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Arkansas to tax digital goods, increase tax on candy, soda

  • Feb 13, 2017 | Gail Cole

 No longer considered food in Arkansas?

Recently enacted legislation in Arkansas is getting a lot of press for creating an income tax exemption for military retirement and survivor benefits, and for decreasing the tax levied on the sale of soft drink syrup and simple syrup.

There’s been less focus on the fact that the same bill, House Bill 1162, increases the sales and use tax rate on candy and soft drinks and also broadens sales and use tax to include certain electronically delivered goods.

Candy and soft drinks

Candy and soft drinks are currently subject to a reduced state sales and use tax rate in Arkansas: 1.5 percent as opposed to the general 6.5 percent. That will soon change. Beginning January 1, 2018, candy and soft drinks will be taxed at 6.5 percent, plus any applicable local taxes.

The state’s reduced food tax applies to “food and food ingredients,” which are defined as “substances, whether in liquid, concentrated, solid, frozen, dried, or dehydrated form, that are sold for ingestion or chewing by humans and are consumed for their taste or nutritional value.” Candy and soda, not known for their nutritional value, must currently qualify for their taste and the fact that they’re ingested or chewed. Once House Bill 1162 takes effect, candy and soft drinks will specifically be excluded from the definition of exempt “food and food ingredients.”

Digital goods

As of January 1, 2018, HB 1162 will also levy the full gross receipts tax on the sale of certain digital goods and digital codes.

The following digital goods will be subject to taxation:

  • Digital audio works (e.g., music, ringtones)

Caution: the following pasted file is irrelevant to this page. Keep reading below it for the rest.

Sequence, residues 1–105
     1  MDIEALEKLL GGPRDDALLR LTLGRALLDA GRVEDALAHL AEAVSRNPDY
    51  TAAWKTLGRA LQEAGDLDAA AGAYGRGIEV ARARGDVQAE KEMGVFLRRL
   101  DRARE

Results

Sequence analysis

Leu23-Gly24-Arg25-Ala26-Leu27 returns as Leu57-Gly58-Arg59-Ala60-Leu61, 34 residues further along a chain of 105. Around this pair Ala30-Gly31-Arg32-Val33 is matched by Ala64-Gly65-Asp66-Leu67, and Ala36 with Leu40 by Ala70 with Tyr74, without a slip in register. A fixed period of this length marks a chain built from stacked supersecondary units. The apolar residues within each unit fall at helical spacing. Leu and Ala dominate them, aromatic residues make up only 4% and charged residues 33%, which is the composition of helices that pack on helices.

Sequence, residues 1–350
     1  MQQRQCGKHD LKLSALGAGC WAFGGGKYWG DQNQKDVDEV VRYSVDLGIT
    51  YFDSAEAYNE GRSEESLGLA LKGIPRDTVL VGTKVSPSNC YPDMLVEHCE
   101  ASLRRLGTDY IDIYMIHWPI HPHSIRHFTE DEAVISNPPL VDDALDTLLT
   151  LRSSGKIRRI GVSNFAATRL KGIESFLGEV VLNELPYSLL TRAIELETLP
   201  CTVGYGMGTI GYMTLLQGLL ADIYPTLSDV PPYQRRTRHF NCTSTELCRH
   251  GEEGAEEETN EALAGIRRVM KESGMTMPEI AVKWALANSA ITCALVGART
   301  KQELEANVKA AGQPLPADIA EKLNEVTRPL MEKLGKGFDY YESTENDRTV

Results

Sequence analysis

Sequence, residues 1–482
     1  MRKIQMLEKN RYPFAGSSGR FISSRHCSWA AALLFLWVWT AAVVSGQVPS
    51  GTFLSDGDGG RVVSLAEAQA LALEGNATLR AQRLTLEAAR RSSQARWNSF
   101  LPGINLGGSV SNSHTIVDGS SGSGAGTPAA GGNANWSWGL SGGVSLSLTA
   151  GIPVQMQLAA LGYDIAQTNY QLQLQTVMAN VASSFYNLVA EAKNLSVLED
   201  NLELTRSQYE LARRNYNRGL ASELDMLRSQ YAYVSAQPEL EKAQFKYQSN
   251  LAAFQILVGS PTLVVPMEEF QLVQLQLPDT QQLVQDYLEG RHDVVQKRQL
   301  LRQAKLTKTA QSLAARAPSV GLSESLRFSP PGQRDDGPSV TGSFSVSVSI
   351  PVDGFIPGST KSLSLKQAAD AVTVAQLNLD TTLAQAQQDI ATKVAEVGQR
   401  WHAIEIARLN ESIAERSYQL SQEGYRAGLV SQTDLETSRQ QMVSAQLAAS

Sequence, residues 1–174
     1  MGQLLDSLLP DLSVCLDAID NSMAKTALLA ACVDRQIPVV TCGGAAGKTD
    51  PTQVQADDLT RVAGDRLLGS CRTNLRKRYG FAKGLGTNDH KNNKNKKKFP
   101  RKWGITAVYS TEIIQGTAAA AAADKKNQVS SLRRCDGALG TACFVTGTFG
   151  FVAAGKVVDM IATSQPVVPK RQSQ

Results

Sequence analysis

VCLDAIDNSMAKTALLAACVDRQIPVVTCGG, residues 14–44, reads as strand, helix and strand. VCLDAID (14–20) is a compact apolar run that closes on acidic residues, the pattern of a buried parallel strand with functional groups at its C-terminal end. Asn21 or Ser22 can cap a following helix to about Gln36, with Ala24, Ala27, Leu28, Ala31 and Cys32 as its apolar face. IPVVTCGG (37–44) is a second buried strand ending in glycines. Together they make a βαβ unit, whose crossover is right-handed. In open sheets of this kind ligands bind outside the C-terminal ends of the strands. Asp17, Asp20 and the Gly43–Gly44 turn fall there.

• Digital audio-visual works (e.g., streamed movies and shows)
  • Digital books (i.e., ebooks)

Digital codes are also taxable under the measure. These are defined as “a code that provides a purchaser with a right to obtain one or more specified digital products, and may be obtained by any means, including email or tangible means, regardless of its designation as a song code, video code, or book code.”

Tax automation

If you’re especially fond of candy and soda — or ebooks and ringtones — you have the better part of a year to build your reduced-tax stockpile.

If you sell these items, you may want to put that time to better use and switch to an automated tax solution that will facilitate sales or use tax compliance in Arkansas and other states. Learn more.

Sales tax rates, rules, and regulations change frequently. Although we hope you'll find this information helpful, this blog is for informational purposes only and does not provide legal or tax advice.
Gail Cole
Avalara Author
Gail Cole
Gail Cole
Avalara Author Gail Cole
Gail began researching and writing about sales tax in 2012 and has been fascinated with it ever since. She has a penchant for uncovering unusual tax facts, and endeavors to make complex sales tax laws more digestible for both experts and laypeople.